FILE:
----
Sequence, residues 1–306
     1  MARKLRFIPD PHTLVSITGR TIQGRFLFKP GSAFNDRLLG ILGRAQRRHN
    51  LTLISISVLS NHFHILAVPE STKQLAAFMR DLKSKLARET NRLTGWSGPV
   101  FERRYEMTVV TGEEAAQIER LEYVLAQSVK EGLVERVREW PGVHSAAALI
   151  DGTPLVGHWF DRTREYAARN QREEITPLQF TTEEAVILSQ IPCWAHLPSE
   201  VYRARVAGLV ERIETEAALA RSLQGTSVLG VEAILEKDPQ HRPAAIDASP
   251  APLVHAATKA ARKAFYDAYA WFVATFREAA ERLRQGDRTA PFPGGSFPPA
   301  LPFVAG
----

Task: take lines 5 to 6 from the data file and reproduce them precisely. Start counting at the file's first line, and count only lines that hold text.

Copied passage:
   151  DGTPLVGHWF DRTREYAARN QREEITPLQF TTEEAVILSQ IPCWAHLPSE
   201  VYRARVAGLV ERIETEAALA RSLQGTSVLG VEAILEKDPQ HRPAAIDASP